I started Molly Fuller Design in 2016 with a simple passion to make clothing and products that are for specific medical needs look and feel, well, less medical. Just because someone has a medical condition doesn't mean they stop caring about quality and lose all sense of style.
My grandpa has polio and I realized how frustrating his clothing could be to get on and off while in his wheelchair. So, I majored in fashion design in college with the goal of making better clothing that served a medical purpose. I was fortunate to work with Biomedical Engineering students on their senior capstones working on diabetic footwear and compression stockings for people with skin ulcers. In 2011 I observed at Cincinnati Children's Autism unit and realized how little stylish options were available to these kids. I decided to use my design skills to address this issue. I made my first prototypes and took them to the AutismOne Conference, missing my actual fashion design thesis critique!
After college, I got a job at Mayo Clinic's Center for Innovation. As I learned a new set of skills in interviewing, observation, and designing healthcare experiences, my autism clothing business idea stayed swirling around in my head. I am incredibly grateful for all I learned at the Mayo Clinic and the mini medical degree I gained by observing a wide range different medical condition appointments. My work there solidified my passion that there needs to be better designed products that don't compromise on style, quality, and price that still meet the needs of different medical conditions.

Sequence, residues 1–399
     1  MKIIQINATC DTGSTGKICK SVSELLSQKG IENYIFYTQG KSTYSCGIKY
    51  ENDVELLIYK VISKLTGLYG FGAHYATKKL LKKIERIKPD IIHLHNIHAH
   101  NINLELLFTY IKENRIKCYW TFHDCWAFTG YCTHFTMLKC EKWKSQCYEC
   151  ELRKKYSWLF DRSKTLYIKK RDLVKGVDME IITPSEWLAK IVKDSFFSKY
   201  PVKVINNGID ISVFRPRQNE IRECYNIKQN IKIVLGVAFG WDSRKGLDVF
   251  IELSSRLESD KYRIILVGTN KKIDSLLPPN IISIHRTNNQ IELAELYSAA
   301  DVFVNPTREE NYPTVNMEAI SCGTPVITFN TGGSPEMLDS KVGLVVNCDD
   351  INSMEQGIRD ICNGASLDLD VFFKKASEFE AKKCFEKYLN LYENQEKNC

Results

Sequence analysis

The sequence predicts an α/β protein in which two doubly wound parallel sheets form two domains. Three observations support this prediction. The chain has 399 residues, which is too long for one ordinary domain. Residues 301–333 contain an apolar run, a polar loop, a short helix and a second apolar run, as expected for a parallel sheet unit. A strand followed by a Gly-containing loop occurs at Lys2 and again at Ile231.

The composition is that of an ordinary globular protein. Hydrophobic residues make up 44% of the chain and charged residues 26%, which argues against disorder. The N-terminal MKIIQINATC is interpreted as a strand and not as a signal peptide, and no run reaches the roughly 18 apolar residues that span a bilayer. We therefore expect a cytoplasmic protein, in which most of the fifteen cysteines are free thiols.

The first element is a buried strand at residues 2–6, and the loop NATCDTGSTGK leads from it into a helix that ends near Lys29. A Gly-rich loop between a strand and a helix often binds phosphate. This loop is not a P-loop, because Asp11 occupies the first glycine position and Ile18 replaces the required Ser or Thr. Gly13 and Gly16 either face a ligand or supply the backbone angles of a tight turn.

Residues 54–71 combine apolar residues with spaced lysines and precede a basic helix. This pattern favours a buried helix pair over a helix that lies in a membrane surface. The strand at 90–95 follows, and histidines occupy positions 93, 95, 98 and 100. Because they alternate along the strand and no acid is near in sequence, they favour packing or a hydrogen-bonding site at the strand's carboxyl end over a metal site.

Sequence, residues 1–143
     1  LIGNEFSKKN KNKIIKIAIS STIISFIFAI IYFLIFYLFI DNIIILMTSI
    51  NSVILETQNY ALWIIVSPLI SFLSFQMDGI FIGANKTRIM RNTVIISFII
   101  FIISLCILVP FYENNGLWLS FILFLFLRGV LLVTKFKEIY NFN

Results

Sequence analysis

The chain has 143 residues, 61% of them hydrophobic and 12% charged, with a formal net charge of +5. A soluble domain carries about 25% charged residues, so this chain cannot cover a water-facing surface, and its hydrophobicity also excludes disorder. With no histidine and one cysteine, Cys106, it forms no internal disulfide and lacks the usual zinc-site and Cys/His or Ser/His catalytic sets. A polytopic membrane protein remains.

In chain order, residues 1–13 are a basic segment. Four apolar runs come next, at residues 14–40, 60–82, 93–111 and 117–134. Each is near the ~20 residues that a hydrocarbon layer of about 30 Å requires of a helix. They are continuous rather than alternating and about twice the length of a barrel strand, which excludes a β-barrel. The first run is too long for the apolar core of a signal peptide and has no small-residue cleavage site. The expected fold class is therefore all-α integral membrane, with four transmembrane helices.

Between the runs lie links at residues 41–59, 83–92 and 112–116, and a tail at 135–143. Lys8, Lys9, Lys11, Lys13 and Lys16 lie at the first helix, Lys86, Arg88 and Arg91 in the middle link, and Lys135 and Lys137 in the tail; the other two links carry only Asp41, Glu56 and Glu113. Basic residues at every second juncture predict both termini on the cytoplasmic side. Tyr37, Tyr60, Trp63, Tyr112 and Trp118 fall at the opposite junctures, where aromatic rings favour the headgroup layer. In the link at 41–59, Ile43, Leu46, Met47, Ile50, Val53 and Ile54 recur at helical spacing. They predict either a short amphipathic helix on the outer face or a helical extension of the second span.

I've continued to learn more about the inner workings of healthcare by designing digital, product and service experiences for a startup health insurance and primary care company and national consumer healthcare brand. For examples of my other work you can visit my portfolio.
I've combined my healthcare experience design and fashion design skills to make designs that address people's style and medical needs. My first condition focus is on autism spectrum disorder and sensory processing disorders. My first shirt, the Charlie shirt, was tested and tweaked multiple times with a teen in Ohio. From there I made refinements to the shirt and tested it in different sizes with ten other teens across the US. I chose a high quality power stretch super soft material that adds substantial compression while not irritating the skin. I designed the seams and stitching to feel invisible to the wearer. Elastic on the sleeve doubles as a style and fidget detail. I promise to maintain quality and style as I continue to expand and grow my clothing line and add additional medical condition offerings.